I would hope that eventually Americans would start to see North Korea as having its own internal logic, and one that has reason to fear for its survival if it is too cooperative. But also one that knows how to survive, and while it does push buttons, it doesn’t seek a conflict that would destroy it.

Trump can’t deal North Korea out of its deterrent any more than Obama’s outstretched hand could. We should oppose North Korea’s nuclear proliferation not because they’re destined to use it against us, but to prevent wider regional proliferation, because the North’s suffering populace pays the price for its development and because the close calls of the Cold War are not events we wish to repeat.

KHON2: The false missile alert made a lot of people in Hawaii nervous about the potential threat of a North Korean attack. How legitimate was/is the possibility of North Korea attacking Hawaii?

Hotham: There’s almost no chance that North Korea would ever attack Hawaii out of the blue. Kim Jong-un knows that would be suicidal for himself and his regime.

Jackson: It’s not a high probability scenario, but it could happen.  North Korea’s strategy in a conflict is to target US military assets that would be used to project force into the Korean Peninsula — that makes Hawaii the most important missile target, along with Guam and a couple locations in Japan.  If North Korea can destroy ports, airfields, and bases in those key locations, it shuts down the US ability to invade and buys them a lot of time that they could use to make diplomacy work.  Which is why in North Korean strategic thinking Hawaii is a high-priority target. That’s what was so dangerous about 2017 — we were on the brink of war, and North Korea faces a lot of incentives to launch against key US targets preemptively if it thinks war is definitely going to happen.  And we were knocking on the door to inevitability in 2017 because of the heightened military posture and unprecedented threat rhetoric.  We were unwittingly pushing North Korea to launch against Hawaii.  So as long as US-North Korea rivalry remains in place — as it does now — Hawaii will always be at risk of a North Korean missile strike.  But it’s not something to lose sleep over unless we find ourselves back in a crisis like 2017.

Panda: Based on what we know about North Korea’s nuclear strategy, it would be folly for Kim to conduct a bolt-out-of-the-blue strike with a ballistic missile on any U.S. territory in peacetime, including Hawaii. The false alert was certainly serious and revealed just how concerned many Americans were about the threat from North Korea, but in reality, such a strike would make little sense and do little for North Korean national interests.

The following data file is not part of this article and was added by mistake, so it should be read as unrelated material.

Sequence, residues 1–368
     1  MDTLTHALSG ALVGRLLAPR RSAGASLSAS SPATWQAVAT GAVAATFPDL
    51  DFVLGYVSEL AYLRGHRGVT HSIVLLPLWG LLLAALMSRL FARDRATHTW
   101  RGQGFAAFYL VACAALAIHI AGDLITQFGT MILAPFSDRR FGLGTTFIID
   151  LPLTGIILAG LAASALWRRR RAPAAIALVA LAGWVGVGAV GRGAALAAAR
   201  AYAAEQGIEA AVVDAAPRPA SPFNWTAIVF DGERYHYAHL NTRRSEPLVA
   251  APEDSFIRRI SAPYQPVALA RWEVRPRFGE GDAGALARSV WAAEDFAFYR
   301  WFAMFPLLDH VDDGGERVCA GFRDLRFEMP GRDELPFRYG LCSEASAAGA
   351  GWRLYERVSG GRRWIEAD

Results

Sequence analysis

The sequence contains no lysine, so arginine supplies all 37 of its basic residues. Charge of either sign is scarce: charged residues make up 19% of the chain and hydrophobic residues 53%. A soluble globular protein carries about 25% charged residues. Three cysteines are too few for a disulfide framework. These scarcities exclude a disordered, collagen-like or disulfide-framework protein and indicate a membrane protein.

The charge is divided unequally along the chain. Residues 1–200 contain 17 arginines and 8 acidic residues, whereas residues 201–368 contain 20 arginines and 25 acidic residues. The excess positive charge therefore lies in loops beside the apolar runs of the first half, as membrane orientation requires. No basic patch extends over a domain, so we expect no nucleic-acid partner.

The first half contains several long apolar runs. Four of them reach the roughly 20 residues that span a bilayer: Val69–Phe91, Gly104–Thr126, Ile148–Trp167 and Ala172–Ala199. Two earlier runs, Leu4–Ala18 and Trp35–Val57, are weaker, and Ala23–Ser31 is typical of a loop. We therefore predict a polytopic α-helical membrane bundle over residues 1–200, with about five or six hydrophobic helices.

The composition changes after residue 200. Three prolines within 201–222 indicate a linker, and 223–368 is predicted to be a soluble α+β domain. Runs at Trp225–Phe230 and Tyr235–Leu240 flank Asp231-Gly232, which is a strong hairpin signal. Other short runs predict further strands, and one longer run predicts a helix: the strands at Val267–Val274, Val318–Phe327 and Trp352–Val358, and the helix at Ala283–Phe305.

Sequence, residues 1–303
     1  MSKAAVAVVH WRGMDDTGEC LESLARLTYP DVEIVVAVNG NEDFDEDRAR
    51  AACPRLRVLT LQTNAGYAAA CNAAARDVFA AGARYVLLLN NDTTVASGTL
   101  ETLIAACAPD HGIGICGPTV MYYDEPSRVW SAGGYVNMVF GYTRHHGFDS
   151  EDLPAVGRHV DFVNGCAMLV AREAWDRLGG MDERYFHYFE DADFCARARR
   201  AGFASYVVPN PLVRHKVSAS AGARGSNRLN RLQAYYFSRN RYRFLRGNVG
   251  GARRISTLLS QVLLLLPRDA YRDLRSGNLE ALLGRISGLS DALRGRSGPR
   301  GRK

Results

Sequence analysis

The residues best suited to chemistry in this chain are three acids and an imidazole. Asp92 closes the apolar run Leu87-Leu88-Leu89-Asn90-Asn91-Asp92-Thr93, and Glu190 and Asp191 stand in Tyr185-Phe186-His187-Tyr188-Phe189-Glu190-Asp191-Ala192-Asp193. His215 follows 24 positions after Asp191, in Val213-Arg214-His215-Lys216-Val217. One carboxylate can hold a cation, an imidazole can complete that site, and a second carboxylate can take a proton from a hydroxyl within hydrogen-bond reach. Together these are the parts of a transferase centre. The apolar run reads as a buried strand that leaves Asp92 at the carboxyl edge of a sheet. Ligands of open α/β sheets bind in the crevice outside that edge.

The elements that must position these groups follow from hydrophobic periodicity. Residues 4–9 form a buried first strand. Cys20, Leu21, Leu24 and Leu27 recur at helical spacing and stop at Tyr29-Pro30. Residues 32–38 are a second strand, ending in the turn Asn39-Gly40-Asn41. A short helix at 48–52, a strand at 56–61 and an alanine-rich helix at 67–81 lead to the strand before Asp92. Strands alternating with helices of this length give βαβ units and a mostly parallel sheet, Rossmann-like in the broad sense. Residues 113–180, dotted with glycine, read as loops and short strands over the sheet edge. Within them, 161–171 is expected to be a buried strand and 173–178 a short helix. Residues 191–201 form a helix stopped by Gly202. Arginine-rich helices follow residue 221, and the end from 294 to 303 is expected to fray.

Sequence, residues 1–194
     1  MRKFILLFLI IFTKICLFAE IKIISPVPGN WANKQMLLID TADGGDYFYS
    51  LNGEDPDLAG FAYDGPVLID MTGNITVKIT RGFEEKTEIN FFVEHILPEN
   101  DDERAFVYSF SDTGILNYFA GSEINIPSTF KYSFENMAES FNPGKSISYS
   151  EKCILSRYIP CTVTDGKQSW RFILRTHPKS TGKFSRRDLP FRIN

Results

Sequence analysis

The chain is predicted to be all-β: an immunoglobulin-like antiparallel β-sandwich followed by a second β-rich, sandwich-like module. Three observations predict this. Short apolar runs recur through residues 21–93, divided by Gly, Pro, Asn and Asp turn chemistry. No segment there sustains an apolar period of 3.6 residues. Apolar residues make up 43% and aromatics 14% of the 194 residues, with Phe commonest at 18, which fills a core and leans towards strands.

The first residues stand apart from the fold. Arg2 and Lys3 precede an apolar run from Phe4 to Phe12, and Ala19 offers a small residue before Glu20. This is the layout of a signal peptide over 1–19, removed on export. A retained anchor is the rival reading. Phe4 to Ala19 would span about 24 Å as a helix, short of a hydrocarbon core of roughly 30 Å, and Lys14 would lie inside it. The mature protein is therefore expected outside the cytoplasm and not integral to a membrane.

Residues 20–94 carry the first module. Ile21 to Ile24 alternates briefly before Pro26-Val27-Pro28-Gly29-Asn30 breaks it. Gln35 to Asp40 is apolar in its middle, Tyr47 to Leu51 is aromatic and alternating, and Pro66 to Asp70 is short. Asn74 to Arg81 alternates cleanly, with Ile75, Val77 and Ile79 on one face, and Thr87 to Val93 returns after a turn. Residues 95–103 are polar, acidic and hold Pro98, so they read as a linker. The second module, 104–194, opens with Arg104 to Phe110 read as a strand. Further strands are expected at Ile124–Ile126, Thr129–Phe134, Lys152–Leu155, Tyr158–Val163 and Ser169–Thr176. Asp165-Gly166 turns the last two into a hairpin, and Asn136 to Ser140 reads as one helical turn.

Volodzko: If North Korea were to launch an attack, Hawaii would probably be a top target. It doesn’t offer the population density of West Coast cities like Los Angeles or Seattle, but Honolulu is home to Joint Base Pearl Harbor-Hickam and the U.S. Marines installation Camps H.M. Smith, which serves as headquarters for the U.S. Indo-Pacific Command, Special Operations Command Pacific and Marine Forces Pacific, making it a high-value target, not to mention the emotional impact of such an attack, which would clearly echo Pearl Harbor.

York: Unthinkable, barring a preemptive strike from the US. For one, North Korea’s long-range missile may be able to reach the US mainland, but other steps, like a re-entry system, are far from proven. Even if they could strike the US, doing so would give this administration (or any other) the justification to unleash its arsenal against the North. That would be a stark contrast from the North’s reputation for survivalism.

Joshua Stanton was unable to answer the previous questions, but offered this comment instead: Kim Jong-un’s year could have been a lot worse. He got an undeclared pause in sanctions designations and military exercises, silenced the leaders of the U.S. and South Korea on human rights, raced ahead with his nuclear and missile programs, drove a wedge between the U.S. and South Korea on sanctions relief, and watched South Korea and Japan feud over things that happened 70 years ago. He probably sees those long-term gains as worth the short-term costs. Now, he’s just running down the clock on Donald Trump.